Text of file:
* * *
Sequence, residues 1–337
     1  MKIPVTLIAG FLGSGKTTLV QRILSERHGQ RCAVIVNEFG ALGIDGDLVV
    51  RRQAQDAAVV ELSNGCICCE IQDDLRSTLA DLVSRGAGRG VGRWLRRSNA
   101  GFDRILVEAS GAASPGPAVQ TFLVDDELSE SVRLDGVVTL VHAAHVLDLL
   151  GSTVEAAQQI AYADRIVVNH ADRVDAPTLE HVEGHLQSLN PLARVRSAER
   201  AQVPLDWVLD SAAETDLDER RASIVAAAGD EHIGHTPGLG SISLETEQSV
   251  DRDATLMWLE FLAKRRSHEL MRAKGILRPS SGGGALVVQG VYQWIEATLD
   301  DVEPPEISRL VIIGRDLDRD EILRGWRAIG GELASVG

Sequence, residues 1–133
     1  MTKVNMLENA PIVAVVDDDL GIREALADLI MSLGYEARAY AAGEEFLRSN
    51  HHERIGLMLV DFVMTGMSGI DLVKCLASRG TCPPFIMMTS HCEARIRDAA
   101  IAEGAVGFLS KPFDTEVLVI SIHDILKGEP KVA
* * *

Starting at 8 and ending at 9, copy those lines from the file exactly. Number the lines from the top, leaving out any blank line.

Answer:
   301  DVEPPEISRL VIIGRDLDRD EILRGWRAIG GELASVG

Sequence, residues 1–133